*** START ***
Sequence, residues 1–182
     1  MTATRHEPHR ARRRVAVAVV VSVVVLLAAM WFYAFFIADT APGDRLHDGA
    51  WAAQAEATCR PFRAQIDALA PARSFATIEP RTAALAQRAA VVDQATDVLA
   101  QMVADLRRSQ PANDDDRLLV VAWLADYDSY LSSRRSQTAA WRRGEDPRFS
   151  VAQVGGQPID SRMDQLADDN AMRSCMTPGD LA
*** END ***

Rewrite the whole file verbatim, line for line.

Sequence, residues 1–182
     1  MTATRHEPHR ARRRVAVAVV VSVVVLLAAM WFYAFFIADT APGDRLHDGA
    51  WAAQAEATCR PFRAQIDALA PARSFATIEP RTAALAQRAA VVDQATDVLA
   101  QMVADLRRSQ PANDDDRLLV VAWLADYDSY LSSRRSQTAA WRRGEDPRFS
   151  VAQVGGQPID SRMDQLADDN AMRSCMTPGD LA